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Some ComputabilityTheoretical Aspects of Reals and Randomness
 the Lect. Notes Log. 18, Assoc. for Symbol. Logic
, 2001
"... We study computably enumerable reals (i.e. their left cut is computably enumerable) in terms of their spectra of representations and presentations. ..."
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Cited by 25 (7 self)
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We study computably enumerable reals (i.e. their left cut is computably enumerable) in terms of their spectra of representations and presentations.
Randomness, computability, and density
 SIAM Journal of Computation
, 2002
"... 1 Introduction In this paper we are concerned with effectively generated reals in the interval (0; 1] and their relative randomness. In what follows, real and rational will mean positive real and positive rational, respectively. It will be convenient to work modulo 1, that is, identifying n + ff and ..."
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Cited by 13 (6 self)
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1 Introduction In this paper we are concerned with effectively generated reals in the interval (0; 1] and their relative randomness. In what follows, real and rational will mean positive real and positive rational, respectively. It will be convenient to work modulo 1, that is, identifying n + ff and ff for any n 2! and ff 2 (0; 1], and we do this below without further comment.
Presentations of computably enumerable reals
 Theoretical Computer Science
, 2002
"... Abstract We study the relationship between a computably enumerable real and its presentations: ways of approximating the real by enumerating a prefixfree set of binary strings. ..."
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Cited by 10 (5 self)
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Abstract We study the relationship between a computably enumerable real and its presentations: ways of approximating the real by enumerating a prefixfree set of binary strings.
On the Turing degrees of weakly computable real numbers
 Journal of Logic and Computation
, 1986
"... The Turing degree of a real number x is defined as the Turing degree of its binary expansion. This definition is quite natural and robust. In this paper we discuss some basic degree properties of semicomputable and weakly computable real numbers introduced by Weihrauch and Zheng [19]. Among others ..."
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Cited by 6 (3 self)
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The Turing degree of a real number x is defined as the Turing degree of its binary expansion. This definition is quite natural and robust. In this paper we discuss some basic degree properties of semicomputable and weakly computable real numbers introduced by Weihrauch and Zheng [19]. Among others we show that, there are two real numbers of c.e. binary expansions such that their difference does not have an ω.c.e. Turing degree. 1
A note on the Turing degree of divergence bounded computable real numbers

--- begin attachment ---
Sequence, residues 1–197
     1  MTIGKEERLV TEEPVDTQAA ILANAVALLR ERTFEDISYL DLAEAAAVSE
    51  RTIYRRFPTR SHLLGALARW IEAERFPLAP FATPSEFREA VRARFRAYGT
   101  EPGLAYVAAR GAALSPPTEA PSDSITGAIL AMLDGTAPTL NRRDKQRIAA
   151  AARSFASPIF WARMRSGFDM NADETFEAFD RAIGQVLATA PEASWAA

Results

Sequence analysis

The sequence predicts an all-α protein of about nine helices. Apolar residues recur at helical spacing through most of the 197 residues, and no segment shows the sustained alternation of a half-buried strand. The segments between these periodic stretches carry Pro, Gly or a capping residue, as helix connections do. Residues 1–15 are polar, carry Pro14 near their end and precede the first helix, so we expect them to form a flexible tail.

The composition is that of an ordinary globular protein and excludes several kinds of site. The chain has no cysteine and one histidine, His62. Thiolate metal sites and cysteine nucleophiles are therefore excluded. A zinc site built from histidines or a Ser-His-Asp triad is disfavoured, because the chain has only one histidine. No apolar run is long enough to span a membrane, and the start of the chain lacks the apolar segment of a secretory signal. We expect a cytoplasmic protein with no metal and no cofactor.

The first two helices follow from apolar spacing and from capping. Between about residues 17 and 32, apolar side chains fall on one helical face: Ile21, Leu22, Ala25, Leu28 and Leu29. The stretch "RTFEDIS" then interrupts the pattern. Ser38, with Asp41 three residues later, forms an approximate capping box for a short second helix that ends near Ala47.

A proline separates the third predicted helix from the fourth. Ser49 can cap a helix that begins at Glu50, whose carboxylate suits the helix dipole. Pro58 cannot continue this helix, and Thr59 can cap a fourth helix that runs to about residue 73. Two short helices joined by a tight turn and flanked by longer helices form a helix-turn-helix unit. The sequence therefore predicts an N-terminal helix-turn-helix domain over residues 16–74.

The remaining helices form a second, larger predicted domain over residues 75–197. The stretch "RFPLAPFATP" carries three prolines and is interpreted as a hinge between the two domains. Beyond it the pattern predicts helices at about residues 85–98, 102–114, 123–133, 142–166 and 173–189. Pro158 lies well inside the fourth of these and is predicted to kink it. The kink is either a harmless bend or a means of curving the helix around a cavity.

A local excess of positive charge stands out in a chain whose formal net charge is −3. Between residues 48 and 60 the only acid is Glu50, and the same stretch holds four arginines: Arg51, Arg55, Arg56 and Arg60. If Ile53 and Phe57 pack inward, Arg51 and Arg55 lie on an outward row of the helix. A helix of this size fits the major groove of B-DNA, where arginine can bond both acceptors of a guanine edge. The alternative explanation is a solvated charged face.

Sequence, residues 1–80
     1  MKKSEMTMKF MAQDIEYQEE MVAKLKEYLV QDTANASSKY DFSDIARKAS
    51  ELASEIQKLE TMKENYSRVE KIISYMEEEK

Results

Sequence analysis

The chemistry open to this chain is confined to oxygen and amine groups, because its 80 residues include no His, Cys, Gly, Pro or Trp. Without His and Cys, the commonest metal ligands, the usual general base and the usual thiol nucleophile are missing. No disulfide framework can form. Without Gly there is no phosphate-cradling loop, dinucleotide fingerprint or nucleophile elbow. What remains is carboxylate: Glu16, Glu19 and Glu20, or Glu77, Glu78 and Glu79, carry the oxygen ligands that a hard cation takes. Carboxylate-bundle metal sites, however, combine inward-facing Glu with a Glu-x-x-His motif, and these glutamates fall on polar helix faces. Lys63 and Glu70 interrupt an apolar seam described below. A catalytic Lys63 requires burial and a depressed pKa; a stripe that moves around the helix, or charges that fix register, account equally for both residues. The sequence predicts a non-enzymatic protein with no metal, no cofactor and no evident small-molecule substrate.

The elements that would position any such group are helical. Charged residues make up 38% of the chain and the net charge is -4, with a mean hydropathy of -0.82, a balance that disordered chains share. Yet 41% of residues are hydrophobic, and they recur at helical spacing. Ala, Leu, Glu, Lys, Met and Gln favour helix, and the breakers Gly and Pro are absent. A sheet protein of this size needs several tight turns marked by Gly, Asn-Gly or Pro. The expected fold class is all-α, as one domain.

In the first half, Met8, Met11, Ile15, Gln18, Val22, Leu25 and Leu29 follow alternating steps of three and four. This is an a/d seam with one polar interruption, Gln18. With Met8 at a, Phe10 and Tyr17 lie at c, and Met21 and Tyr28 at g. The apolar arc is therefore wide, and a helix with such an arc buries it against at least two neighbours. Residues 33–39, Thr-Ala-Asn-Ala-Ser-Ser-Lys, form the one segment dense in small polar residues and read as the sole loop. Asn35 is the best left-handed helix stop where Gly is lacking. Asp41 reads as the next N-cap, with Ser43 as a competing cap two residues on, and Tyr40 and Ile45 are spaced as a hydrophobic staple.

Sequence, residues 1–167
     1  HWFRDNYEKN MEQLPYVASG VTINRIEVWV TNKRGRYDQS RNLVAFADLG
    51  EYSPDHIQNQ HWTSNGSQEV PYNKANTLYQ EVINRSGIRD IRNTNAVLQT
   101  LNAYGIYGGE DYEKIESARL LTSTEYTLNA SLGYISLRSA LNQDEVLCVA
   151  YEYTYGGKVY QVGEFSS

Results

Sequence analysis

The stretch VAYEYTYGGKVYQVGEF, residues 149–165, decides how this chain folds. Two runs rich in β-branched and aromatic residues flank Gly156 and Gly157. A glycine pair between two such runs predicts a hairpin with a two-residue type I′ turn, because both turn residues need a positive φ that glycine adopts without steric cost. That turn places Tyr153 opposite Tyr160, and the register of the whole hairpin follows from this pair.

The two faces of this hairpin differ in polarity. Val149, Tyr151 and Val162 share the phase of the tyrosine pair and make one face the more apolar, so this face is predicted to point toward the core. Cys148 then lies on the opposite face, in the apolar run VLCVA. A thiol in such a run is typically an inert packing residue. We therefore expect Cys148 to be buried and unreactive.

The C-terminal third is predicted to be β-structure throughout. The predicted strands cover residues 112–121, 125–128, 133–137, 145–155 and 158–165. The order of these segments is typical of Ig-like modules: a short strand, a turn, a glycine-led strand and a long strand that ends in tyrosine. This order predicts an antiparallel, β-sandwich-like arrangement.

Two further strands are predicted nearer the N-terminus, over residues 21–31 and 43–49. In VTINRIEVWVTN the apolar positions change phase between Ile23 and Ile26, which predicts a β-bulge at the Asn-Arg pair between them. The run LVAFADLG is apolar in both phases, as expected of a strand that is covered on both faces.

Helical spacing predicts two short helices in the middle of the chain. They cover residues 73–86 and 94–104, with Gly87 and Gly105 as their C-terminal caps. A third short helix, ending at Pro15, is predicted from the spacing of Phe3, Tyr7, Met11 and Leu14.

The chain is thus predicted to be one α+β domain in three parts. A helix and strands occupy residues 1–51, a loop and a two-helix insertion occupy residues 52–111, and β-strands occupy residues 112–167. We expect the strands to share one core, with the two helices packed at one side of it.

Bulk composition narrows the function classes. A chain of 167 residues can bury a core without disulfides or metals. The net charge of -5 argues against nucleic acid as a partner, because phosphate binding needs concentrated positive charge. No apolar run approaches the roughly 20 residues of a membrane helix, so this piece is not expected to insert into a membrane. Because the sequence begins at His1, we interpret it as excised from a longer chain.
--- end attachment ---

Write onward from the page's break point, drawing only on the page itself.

CCA 2004, August 1620, Lutherstadt
, 2004
"... The Turing degree of a real number is defined as the Turing degree of its binary expansion. In this note we apply the double witnesses technique recently developed by Downey, Wu and Zheng [2] and show that there exists a ∆0 2Turing degree which contains no divergence bounded computable real numbers ..."
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Cited by 3 (1 self)
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The Turing degree of a real number is defined as the Turing degree of its binary expansion. In this note we apply the double witnesses technique recently developed by Downey, Wu and Zheng [2] and show that there exists a ∆0 2Turing degree which contains no divergence bounded computable real numbers. This extends the result of [2] that not every ∆0 2Turing degree contains a dc.e. real.
A Finite Hierarchy of the Recursively Enumerable Real Numbers
 In Proceedings of MFCS’98
, 1998
"... . For any set A of natural numbers, denote by x A the corresponding real number such that A is just the set of "1" positions in its binary expansion. In this paper we characterize the number x A for some classes of recursively enumerable sets A. Applying finite injury priority methods we show that t ..."
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. For any set A of natural numbers, denote by x A the corresponding real number such that A is just the set of "1" positions in its binary expansion. In this paper we characterize the number x A for some classes of recursively enumerable sets A. Applying finite injury priority methods we show that there is a dr.e. set A such that x A is not a semicomputable real number (which corresponds to the limit of computable monotonic sequence of rational numbers) and that there is an #r.e. set A such that x A can't be represented as a sum of two semicomputable real numbers. 1 Introduction Arealnumberx is computable, if there is a computable Cauchy sequence (r n ) n#IN of rational numbers which converges e#ectively to x (see e.g. [3,5,6].) Where a sequence (r n ) n#IN of rational numbers is computable means that there are recursive functions a, b, c :IN# IN s u c h t h a t r n =(a(n)  b(n))/(c(n)+1)foralln # IN and the sequence (r n ) n#IN converges e#ectively means that r n+m  ...